NEW HAVEN, CT — Save the Sound commends the leadership of Connecticut Attorney General William Tong, who led a coalition of 16 attorneys general in delivering a letter today to the Environmental Protection Agency and the National Oceanic and Atmospheric Administration calling on the agencies to address the mounting problem of plastic microfibers present in waterbodies across the globe. We thank AG Tong, as well as New York Attorney General Letitia James and Rhode Island Attorney General Peter Neronha from our neighboring states, who also signed the letter.
This action is consistent with the recommendations of the microfiber working group, contained in a report submitted by the Connecticut Department of Energy and Environmental Protection to the state legislature in early 2020. Among other things, the report recommended requiring filters in washing machines. We know that microplastics and microfibers can be ingested by humans and cause a range of significant health problems, from cancer to disruption in endocrine and reproductive functions.
Bill Lucey, Long Island Soundkeeper, Save the Sound: “Four years ago, the Connecticut General Assembly directed CTDEEP to convene a working group which brought together advocates, industry, and the research community to look at the hazards microfibers pose to our health and environment. The report was clear that this microfiber pollution was pervasive, could enter the food web, and carry a variety of pollutants into fish, wildlife, and ourselves. What was also clear was that much of the pollution was coming from plastic shed by common clothing items in home and commercial washing machines, and that requiring filtration as part of the wash discharge cycle would go a long way to reducing microfibers in our water.”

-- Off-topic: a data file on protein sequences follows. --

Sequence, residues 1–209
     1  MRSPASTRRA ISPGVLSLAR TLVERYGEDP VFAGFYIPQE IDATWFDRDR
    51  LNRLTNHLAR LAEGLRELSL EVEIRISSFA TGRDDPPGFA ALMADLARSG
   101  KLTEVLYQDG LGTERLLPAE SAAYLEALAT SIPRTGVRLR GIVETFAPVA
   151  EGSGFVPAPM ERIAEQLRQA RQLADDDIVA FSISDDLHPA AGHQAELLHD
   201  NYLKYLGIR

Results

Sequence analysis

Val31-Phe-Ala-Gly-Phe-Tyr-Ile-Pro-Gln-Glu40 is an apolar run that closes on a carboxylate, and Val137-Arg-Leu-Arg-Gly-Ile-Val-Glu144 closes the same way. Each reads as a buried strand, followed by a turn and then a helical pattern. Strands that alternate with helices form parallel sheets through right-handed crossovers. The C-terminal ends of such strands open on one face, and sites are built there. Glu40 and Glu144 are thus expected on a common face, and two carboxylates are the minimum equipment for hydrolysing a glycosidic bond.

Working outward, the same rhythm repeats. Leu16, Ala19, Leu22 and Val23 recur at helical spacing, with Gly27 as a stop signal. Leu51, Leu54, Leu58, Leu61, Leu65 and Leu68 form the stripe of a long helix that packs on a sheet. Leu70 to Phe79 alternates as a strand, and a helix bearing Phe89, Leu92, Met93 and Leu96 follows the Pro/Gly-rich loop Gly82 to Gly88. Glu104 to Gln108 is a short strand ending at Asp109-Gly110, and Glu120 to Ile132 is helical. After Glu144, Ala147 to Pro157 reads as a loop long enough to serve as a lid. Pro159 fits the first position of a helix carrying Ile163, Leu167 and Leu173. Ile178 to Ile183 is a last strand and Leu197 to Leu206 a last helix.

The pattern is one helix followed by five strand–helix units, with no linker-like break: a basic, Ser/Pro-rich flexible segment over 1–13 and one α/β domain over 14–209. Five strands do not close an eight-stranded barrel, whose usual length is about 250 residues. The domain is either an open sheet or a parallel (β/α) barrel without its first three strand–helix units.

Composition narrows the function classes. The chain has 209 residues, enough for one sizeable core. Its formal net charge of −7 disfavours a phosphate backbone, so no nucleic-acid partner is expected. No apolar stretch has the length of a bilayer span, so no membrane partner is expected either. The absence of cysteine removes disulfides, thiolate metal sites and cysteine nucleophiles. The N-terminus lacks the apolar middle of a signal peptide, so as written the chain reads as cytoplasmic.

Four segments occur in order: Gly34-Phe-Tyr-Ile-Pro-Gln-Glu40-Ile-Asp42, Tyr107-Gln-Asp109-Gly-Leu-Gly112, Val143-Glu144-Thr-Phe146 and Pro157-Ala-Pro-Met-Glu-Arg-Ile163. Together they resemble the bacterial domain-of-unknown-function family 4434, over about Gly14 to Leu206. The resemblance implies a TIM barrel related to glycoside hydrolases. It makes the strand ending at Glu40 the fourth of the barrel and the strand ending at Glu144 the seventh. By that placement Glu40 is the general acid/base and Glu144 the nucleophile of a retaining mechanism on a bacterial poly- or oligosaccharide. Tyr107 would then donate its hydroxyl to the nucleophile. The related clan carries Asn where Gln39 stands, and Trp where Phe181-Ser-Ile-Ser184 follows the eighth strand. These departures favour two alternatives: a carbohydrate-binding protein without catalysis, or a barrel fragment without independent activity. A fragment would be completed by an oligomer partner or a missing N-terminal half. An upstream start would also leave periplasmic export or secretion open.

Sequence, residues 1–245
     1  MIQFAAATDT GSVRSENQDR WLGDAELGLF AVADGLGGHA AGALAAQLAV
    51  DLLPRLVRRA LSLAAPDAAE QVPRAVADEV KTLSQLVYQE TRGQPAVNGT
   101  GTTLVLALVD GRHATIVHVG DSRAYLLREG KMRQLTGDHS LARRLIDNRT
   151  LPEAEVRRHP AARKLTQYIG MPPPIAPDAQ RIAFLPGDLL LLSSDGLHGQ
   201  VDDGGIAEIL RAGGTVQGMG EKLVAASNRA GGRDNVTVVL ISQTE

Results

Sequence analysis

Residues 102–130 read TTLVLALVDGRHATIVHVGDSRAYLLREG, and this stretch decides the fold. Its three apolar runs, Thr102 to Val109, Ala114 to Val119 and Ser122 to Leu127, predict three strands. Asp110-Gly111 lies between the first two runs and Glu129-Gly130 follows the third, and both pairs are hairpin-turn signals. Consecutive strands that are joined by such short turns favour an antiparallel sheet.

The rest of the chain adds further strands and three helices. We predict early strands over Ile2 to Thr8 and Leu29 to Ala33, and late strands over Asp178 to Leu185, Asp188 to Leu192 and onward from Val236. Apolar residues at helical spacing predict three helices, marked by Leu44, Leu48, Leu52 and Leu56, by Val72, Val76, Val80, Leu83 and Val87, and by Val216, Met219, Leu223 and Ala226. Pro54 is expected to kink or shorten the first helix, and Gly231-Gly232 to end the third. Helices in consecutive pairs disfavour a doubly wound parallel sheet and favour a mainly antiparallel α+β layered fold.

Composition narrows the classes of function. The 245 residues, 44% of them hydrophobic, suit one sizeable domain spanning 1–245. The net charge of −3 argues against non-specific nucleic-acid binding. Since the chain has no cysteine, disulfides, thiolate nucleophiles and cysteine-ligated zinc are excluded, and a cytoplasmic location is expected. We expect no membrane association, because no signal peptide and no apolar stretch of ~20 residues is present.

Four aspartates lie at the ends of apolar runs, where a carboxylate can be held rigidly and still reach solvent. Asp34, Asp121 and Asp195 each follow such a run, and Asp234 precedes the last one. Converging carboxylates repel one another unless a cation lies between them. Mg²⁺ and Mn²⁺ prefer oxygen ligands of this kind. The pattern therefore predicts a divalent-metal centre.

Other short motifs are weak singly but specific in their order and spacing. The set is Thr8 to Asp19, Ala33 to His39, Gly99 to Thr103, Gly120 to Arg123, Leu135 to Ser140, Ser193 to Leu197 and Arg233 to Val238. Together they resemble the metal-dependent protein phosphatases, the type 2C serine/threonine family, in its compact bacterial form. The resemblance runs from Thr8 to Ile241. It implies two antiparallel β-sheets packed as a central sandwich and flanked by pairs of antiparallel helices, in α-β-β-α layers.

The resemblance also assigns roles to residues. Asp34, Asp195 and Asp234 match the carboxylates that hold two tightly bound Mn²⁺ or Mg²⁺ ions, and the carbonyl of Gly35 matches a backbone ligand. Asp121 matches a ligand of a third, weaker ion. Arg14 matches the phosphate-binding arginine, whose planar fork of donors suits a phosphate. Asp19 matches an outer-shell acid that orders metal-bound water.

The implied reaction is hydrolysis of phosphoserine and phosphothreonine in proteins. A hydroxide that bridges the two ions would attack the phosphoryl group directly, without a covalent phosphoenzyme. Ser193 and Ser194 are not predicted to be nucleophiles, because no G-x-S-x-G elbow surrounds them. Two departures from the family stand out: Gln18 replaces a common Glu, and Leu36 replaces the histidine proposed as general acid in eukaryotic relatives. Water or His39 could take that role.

Roger Reynolds, senior legal director, Save the Sound: “We commend Attorney General Tong for his leadership on the microfiber issue and for calling on the EPA to address it. Microfibers are the most prevalent form of microplastics and pose and enormous threat to Long Island Sound and the environment. Microplastics are appearing throughout ecosystems and in a wide variety of fish and shellfish that people consume. The Clean Water Act has made great progress in cleaning our waters to make them truly swimmable and fishable, but unless we deploy it against today’s threats, we seriously risk moving backwards and losing ground in our efforts to protect clean water and public health.”
Later this month, Save the Sound will release the 2023 Connecticut Cleanup Report, featuring data collected from six years of the Connecticut Cleanup. The Report covers environmental and public health risks associated with microplastic and macroplastic pollution, and action steps both policymakers and Connecticut residents can take.